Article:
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Genetics PhD Projects, Programs & Scholarships in St Andrews

We have 10 Genetics PhD Projects, Programs & Scholarships in St Andrews

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  Adapting methods from statistical ecology and applying them to molecular data in cancer
  Research Group: Division of Statistics
  Prof A Lynch, Dr H Worthington
Applications accepted all year round

Funding Type

PhD Type

There are a number of questions that arise from proteomic and RNA studies in cancer that have clear parallels in the world of ecology.
  Investigating modes of action of genetic risk variants through integrated analysis of multiple high-dimensional “omics” data.
  Research Group: Division of Statistics
  Prof A Lynch, Dr M Papathomas
Applications accepted all year round

Funding Type

PhD Type

Genome-wide association studies have identified thousands of genomic loci that are associated with higher risk of a trait (often a disease such as breast cancer).
  Evolutionary quantitative genetics in the wild: behaviour, growth and fitness in Soay sheep
  Research Group: Centre for Biological Diversity
  Dr M Morrissey
Application Deadline: 1 December 2019

Funding Type

PhD Type

Contemporary natural selection frequently appears to favour the evolution of increased body size. However, corresponding evolutionary responses of body size, of magnitudes predicted by evolutionary quantitative genetic theory, are frequently not observed.
  How does a mammalian cell physically organise the complex processes of gene expression and regulation?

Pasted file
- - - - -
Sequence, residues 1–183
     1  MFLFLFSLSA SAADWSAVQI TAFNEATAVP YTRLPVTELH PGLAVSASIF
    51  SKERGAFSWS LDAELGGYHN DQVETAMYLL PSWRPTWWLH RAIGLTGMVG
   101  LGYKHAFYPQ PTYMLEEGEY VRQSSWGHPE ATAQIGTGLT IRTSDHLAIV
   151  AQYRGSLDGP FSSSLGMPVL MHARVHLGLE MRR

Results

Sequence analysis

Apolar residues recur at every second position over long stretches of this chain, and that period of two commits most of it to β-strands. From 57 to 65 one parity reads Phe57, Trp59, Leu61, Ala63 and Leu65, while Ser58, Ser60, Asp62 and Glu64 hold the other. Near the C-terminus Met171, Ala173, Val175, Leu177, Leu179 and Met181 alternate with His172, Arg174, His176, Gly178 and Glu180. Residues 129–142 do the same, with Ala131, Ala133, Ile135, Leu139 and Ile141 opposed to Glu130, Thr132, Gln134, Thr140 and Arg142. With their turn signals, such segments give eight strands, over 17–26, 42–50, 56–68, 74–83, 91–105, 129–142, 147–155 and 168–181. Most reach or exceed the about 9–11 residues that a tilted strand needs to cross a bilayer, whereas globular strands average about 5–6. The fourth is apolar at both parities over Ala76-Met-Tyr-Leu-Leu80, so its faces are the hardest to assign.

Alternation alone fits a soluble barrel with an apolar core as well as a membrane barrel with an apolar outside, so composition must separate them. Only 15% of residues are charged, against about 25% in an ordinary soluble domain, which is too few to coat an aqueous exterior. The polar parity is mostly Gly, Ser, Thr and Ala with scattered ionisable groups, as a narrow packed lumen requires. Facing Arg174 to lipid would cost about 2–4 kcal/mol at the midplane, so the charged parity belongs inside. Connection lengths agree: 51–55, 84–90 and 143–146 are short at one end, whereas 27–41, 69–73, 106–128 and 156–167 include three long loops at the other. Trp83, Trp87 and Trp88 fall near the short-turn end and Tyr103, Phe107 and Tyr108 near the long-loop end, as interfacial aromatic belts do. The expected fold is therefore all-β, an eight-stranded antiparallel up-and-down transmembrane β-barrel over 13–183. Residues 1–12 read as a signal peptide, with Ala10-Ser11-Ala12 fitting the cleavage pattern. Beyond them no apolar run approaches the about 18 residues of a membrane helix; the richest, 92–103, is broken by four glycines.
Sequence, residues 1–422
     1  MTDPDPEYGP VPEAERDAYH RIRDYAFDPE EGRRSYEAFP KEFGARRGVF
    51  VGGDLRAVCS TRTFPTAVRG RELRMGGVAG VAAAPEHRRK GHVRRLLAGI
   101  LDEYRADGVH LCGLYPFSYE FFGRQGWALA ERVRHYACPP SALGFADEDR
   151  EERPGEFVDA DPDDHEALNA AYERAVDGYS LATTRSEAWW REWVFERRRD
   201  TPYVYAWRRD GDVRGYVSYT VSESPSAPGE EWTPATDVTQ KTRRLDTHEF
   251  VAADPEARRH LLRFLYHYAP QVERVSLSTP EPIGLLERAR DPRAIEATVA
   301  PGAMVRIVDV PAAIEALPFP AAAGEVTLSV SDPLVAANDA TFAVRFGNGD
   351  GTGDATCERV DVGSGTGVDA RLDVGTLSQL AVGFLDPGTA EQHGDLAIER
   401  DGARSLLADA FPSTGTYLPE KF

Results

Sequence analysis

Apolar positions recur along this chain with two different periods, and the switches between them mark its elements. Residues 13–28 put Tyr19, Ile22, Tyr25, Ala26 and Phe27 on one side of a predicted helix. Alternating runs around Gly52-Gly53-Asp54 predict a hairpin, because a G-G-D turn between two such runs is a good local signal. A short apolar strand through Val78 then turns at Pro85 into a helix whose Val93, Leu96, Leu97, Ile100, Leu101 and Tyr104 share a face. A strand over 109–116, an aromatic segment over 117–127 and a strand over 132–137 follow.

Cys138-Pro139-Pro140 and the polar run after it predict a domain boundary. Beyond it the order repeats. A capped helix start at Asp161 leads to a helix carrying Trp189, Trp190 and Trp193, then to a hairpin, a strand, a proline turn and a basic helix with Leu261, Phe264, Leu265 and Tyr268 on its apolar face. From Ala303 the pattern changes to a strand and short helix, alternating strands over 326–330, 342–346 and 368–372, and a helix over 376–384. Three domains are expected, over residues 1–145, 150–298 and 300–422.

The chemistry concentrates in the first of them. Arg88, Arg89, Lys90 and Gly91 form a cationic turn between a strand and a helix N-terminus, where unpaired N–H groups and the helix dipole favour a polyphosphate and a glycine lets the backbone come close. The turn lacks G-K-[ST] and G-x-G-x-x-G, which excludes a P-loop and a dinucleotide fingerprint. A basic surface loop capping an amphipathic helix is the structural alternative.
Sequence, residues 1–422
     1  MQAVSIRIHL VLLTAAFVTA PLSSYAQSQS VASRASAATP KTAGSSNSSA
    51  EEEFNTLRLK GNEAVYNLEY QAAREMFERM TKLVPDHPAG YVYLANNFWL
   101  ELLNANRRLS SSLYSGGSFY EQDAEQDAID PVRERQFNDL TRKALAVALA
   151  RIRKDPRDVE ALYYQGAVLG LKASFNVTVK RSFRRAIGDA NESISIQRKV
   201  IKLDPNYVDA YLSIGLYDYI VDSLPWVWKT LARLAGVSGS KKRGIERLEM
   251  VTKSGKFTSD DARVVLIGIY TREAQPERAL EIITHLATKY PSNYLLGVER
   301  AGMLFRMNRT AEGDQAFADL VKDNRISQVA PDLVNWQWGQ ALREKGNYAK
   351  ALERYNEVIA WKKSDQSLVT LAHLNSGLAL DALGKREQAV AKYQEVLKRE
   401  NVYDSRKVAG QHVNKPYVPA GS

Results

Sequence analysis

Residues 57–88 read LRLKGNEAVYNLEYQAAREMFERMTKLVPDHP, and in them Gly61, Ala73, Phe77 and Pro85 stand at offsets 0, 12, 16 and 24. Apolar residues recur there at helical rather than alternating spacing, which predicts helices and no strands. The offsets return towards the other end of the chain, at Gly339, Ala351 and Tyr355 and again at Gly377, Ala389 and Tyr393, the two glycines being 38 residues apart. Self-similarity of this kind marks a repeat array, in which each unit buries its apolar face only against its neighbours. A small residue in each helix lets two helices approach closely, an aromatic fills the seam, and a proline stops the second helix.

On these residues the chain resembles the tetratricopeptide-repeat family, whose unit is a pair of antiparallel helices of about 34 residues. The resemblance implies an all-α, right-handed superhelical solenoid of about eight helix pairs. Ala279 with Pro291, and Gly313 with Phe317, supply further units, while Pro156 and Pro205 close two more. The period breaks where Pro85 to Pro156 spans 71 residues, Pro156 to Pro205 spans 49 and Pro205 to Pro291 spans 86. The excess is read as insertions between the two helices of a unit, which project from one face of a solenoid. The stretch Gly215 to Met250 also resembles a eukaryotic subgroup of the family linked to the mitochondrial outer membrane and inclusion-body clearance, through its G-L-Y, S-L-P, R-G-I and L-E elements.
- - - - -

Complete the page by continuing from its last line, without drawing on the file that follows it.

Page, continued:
Research Group: Biomedical Sciences Research Centre
  Dr J Sleeman
Application Deadline: 1 December 2019

Funding Type

PhD Type

Accurate gene expression and regulation in mammalian cells is a hugely complex process, essential for cellular and organismal homeostasis.
  Impaired stress response as a pathological mechanism in Myotonic Dystrophy Type 1 and related degenerative conditions
  Research Group: Biomedical Sciences Research Centre
  Dr J Sleeman
Application Deadline: 1 December 2019

Funding Type

PhD Type

Myotonic Dystrophy Type1 (DM1) is an incurable inherited multi-system disease that results in numerous symptoms including early cataract development, which can be the first sign of the disease.
  Studying evolutionary processes with polymorphism-aware phylogenetic models
  Research Group: Biomedical Sciences Research Centre
  Dr C Kosiol
Application Deadline: 1 December 2019

Funding Type

PhD Type

The recent sequencing of genomes of closely related species and of many individuals from the same species enables the study of speciation and the inference of the history of populations.
  Combining molecular genetics and biochemistry to explore the biology of chromosomal DNA replication in the Archaea
  Research Group: Biomedical Sciences Research Centre
  Dr S MacNeill
Application Deadline: 1 December 2019

Funding Type

PhD Type

The Archaea constitute the third domain of life on Earth, comprise an estimated 20% of the planet’s biomass and make a major impact on both biosphere and atmosphere.
  The genetics of sperm competition in Drosophila pseudoobscura
  Research Group: Centre for Biological Diversity
  Prof MG Ritchie
Application Deadline: 1 December 2019

Funding Type

PhD Type

Sperm competition is a major source of selection on animal mating systems, and studies of Drosophila have shown that genes expressed in male reproductive tissues are amongst the most rapidly evolving between species.
  Studying tissue wide coordination of pulsed contractility during morphogenesis in Drosophila
  Research Group: Biomedical Sciences Research Centre
  Dr M Bischoff
Application Deadline: 1 December 2019

Funding Type

PhD Type

During morphogenesis, cells undergo complex behaviours, including cell movement and apical constriction to shape tissues and organs.
  Evolution of mimicry: Genetic, morphometric, and functional origins of leaf mimicry in singing insects
  Research Group: Centre for Biological Diversity
  Dr N Bailey
Application Deadline: 1 December 2019

Funding Type

PhD Type

Mimicry is a remarkable Darwinian adaptation, and bush crickets whose wings resemble plant leaves are among the most spectacular examples of mimicry in the natural world.
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